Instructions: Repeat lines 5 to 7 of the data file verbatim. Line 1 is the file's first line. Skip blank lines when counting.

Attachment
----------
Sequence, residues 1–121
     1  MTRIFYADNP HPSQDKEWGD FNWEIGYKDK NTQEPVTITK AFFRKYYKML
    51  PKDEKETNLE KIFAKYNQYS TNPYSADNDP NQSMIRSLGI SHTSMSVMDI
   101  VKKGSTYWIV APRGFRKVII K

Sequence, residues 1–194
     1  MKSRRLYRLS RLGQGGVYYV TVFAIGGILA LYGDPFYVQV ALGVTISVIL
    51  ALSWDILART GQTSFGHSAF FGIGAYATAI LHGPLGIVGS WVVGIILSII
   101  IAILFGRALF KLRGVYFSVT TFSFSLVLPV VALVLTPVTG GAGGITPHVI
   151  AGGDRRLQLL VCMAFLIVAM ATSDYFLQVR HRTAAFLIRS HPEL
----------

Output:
Sequence, residues 1–194
     1  MKSRRLYRLS RLGQGGVYYV TVFAIGGILA LYGDPFYVQV ALGVTISVIL
    51  ALSWDILART GQTSFGHSAF FGIGAYATAI LHGPLGIVGS WVVGIILSII